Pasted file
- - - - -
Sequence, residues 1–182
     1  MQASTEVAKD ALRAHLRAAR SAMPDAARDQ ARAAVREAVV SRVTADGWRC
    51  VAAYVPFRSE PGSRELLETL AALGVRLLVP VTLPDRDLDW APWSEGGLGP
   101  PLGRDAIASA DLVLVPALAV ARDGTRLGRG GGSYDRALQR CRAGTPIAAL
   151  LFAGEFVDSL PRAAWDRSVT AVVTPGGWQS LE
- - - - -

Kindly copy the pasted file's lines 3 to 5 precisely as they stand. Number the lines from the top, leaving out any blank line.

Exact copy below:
    51  VAAYVPFRSE PGSRELLETL AALGVRLLVP VTLPDRDLDW APWSEGGLGP
   101  PLGRDAIASA DLVLVPALAV ARDGTRLGRG GGSYDRALQR CRAGTPIAAL
   151  LFAGEFVDSL PRAAWDRSVT AVVTPGGWQS LE